Dean motioned to his brother over his shoulder, positioned his rifle in front of him, and opened the door to the abandoned warehouse. There weren’t many gigs where his stomach turned and he worried he couldn’t handle it, but it struck in full force as he entered the building.
Though the entrance was empty, a chilly air swept through the room and caused the hairs on his arms to stand up. Before he could motion for Sam to enter, the door slammed shut and his legs gave out from underneath him. He could hear his brother hollering for him, but every sound abandoned his body as an invisible forced squeezed him from the center until he was unconscious.
When Dean came to, he attempted to jump and run, but whatever nasty he had stumbled upon had taken measures to keep him in place. His legs and arms were chained to something around the corner, but he couldn’t make out what. He tried to break free of the chains, when he heard a moan.
“Could you not do that? I think you broke my wrist.”
Dean rolled his eyes. Leave it to him to get saddled with a pansy. He continued to pull and the voice shouted, “Just stop. The chains are bound with magic, and magic is the only way to break free.”
“Like Abra Cadabra?” Dean asked.
“We’re so screwed,” the man’s voice responded.
“Speak for yourself. I, for one, don’t plan to waste away in some haunted warehouse.”
“The place isn’t haunted. It’s a ruse.”
“A ruse, just a—”
“I know what a ruse is,” Dean snapped. He suddenly felt like he was having a conversation with his brother. Except his brother he wouldn’t kill for annoying him to death. “I’m not sure why you don’t believe this place is haunted. My readings were off the chart.”
“Readings?” the guy scoffed. Dean felt the pull on his wrists and grimaced as the guy continued, “Great, an amateur ghost hunter. Why do I always end up like this? It’s never Wyatt, never my cousin Penelope. Just me – doomed.”
“Would you shut up? And who are you calling an amateur? I’ve been doing this all my life.”
“So have I!”
“And yet you’re both chained together to a wall,” another voice said.
Dean glanced up and there was a tall, broad-shouldered blonde staring from him to who he assumed was the other guy. Dean couldn’t figure out where the hell the guy had come from, but worse was the recognition that dawned on him. He had seen that guy before, weeks ago in the woods while fighting some crazy demon.
The blonde focused on the guy Dean was chained to and said, “Chris, it’s like you don’t listen to me. I told you to orb out, not get caught.”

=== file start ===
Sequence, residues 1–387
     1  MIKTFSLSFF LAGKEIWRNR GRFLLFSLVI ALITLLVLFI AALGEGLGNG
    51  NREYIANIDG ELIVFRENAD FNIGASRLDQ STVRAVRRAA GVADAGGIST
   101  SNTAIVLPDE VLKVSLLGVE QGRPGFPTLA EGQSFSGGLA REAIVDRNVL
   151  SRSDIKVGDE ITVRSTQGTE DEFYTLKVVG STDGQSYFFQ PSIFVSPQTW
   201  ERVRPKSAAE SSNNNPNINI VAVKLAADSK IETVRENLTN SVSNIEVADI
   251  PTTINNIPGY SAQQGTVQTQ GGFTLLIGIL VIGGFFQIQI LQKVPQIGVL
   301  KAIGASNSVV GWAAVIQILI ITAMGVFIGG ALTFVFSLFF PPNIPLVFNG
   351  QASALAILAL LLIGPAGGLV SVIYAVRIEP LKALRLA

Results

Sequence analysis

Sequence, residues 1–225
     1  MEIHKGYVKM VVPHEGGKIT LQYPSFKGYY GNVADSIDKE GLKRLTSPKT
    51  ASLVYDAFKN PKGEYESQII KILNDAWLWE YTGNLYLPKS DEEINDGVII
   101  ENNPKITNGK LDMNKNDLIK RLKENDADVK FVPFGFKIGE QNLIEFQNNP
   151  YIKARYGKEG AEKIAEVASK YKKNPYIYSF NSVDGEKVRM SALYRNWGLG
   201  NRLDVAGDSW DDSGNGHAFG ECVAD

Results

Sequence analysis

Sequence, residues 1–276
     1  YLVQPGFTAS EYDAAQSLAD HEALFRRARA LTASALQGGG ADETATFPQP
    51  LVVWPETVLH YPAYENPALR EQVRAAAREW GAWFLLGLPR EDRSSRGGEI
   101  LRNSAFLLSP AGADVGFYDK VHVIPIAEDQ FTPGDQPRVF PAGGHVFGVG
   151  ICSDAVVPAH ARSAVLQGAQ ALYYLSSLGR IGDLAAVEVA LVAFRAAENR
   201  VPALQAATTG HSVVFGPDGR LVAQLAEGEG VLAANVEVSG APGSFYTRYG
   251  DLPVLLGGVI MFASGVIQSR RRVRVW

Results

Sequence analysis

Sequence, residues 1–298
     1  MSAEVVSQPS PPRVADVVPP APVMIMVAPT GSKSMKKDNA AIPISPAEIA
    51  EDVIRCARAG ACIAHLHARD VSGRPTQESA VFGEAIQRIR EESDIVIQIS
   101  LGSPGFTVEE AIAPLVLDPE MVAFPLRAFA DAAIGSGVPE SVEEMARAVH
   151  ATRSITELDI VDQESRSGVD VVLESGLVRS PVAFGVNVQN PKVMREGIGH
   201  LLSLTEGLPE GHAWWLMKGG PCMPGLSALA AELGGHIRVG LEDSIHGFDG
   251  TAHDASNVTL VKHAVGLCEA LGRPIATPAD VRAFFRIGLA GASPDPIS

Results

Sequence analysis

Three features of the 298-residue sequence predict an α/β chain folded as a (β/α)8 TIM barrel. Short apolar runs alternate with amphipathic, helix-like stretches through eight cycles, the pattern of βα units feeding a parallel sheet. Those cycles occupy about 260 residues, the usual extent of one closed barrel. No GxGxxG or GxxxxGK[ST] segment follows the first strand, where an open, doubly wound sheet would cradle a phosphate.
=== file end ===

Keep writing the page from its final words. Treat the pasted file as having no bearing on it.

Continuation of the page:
“Yes, getting caught was all part of my clever plan. Now get me out of these chains.”
With the flick of the wrist, the chains fell away. Dean sat there, unsure of what to do or how to react. Sure enough, when the guy he had been chained to stood up, it was the other one from the park. Dean pointed at them and said, “Who the hell are you two?”
Dean rubbed his hands over his eyes, making sure they didn’t disappear and weren’t figments of his imagination. After all, the last time he saw the two of them, they had disappeared into thin air. They had fought off that nasty demon that attacked Sam with little trouble. Even though Dean was used to seeing shit that couldn’t be believed, two guys disappearing in blue lights was a bit much, and he almost managed to convince himself that the whole scenario was a bad dream.
Whenever Sam would press for more information about what happened in the woods that night, Dean would try to play the whole thing off.
“So exactly how did you know to clean out my cuts with that liquid and holy water?” Sam asked. He glanced down at the fading scars from the attack – the only proof that Dean hadn’t imagined the whole thing – and added, “Have you run into that demon before?”
Dean shot a look at his brother out of the corner of his eye before focusing back on the road. He shrugged and replied, “Do you know how many things I’ve dealt with in my time? It seemed like a good idea.”
“Seemed like a good idea?”
“That’s what I said.”
“Right. I don’t buy it. I think there’s more to the story.”
“Whatever you say, Encyclopedia Brown. Why not focus on finding us our next gig?” Dean countered, tossing his brother some of the notes he had recorded the night before.
Sam rolled his eyes and asked, “What freaked you out so bad that you won’t tell me about it?”
“I don’t get freaked out, Sam. I am always cool and collected.”
Sam sighed and said, “You shouldn’t have gone back to face that thing without back-up.”
“I had back-up. Trust me.”
Sam leaned his back against his seat and said, “And you’re not going to explain.”
Sam had dropped the topic after a few more weeks of pestering Dean, and that made it easier for Dean to put the whole ordeal out of his mind. But now it was staring him in the face – the same two guys that he had watched in the woods, the two that probably saved him and his little brother, were standing in front of him.
“Him? I was chained to him?” Chris replied. He shot Wyatt a look that Dean couldn’t read, and said, “Didn’t we save your ass already? Our legacy says nothing about saving the same idiots over and over again.”
“You’re saving me? That’s rich,” Dean replied. He stood up and said, “Look, I always figured there had to be more of us out there, though this is the first time I’ve ever encountered others. Maybe we need to work out a territory thing. Because I’m not much of a team player, and we really need to stop running into each other like this.”
Wyatt nudged Chris in the side and said, “He seems to think we’d want him on our team, little brother.”
Chris rolled his eyes and said, “Did your whitelighter send you here?”
“I think that answers your question,” Wyatt replied.
“Well, he’s not a demon,” Chris said. He met Dean’s gaze and said, “So what are you?”
Wyatt chuckled and said, “He hasn’t got a clue.” Wyatt stepped closer to Dean, placing his hand on his shoulder and said, “Dude, you’re so out of your element here, man. The fact that you know about this stuff puts you in danger, but to actively seek it out when you can’t protect yourself? That’s just stupid.”
Dean really wished he had his gun at that moment. Instead he settled for a scowl and said, “I’ve been doing this since I was a little kid. And I’ve gotten myself out of worse jams than this one.”
“How about you leave this one to us then?” Wyatt turned away from Dean and spoke to his brother, “Mom said that the only way to kill this thing is to bring out its human half first. Then it will be mortal.”
Chris nodded and asked, “But how do we do that?”
Wyatt shrugged and said, “Yeah, no one in the family had any ideas on that. Uncle Kyle was going to check in with the Elders, but that could take years.”